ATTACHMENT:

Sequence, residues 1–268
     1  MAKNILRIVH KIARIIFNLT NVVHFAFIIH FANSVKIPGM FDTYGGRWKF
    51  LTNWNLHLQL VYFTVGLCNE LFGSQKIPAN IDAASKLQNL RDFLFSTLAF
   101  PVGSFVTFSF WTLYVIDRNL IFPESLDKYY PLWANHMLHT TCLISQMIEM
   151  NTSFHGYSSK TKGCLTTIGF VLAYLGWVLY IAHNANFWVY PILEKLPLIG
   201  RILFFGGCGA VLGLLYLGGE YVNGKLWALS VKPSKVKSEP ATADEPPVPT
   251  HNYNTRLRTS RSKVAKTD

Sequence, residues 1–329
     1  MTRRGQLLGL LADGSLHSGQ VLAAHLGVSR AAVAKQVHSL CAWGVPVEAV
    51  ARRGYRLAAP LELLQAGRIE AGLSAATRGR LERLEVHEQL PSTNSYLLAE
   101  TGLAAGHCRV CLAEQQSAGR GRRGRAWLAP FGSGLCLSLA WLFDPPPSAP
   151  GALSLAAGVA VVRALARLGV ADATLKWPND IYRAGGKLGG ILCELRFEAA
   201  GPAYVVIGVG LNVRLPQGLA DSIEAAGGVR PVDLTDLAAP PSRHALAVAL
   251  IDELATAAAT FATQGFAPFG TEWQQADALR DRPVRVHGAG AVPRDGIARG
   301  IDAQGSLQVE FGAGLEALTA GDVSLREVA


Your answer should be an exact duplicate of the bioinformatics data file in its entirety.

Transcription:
Sequence, residues 1–268
     1  MAKNILRIVH KIARIIFNLT NVVHFAFIIH FANSVKIPGM FDTYGGRWKF
    51  LTNWNLHLQL VYFTVGLCNE LFGSQKIPAN IDAASKLQNL RDFLFSTLAF
   101  PVGSFVTFSF WTLYVIDRNL IFPESLDKYY PLWANHMLHT TCLISQMIEM
   151  NTSFHGYSSK TKGCLTTIGF VLAYLGWVLY IAHNANFWVY PILEKLPLIG
   201  RILFFGGCGA VLGLLYLGGE YVNGKLWALS VKPSKVKSEP ATADEPPVPT
   251  HNYNTRLRTS RSKVAKTD

Sequence, residues 1–329
     1  MTRRGQLLGL LADGSLHSGQ VLAAHLGVSR AAVAKQVHSL CAWGVPVEAV
    51  ARRGYRLAAP LELLQAGRIE AGLSAATRGR LERLEVHEQL PSTNSYLLAE
   101  TGLAAGHCRV CLAEQQSAGR GRRGRAWLAP FGSGLCLSLA WLFDPPPSAP
   151  GALSLAAGVA VVRALARLGV ADATLKWPND IYRAGGKLGG ILCELRFEAA
   201  GPAYVVIGVG LNVRLPQGLA DSIEAAGGVR PVDLTDLAAP PSRHALAVAL
   251  IDELATAAAT FATQGFAPFG TEWQQADALR DRPVRVHGAG AVPRDGIARG
   301  IDAQGSLQVE FGAGLEALTA GDVSLREVA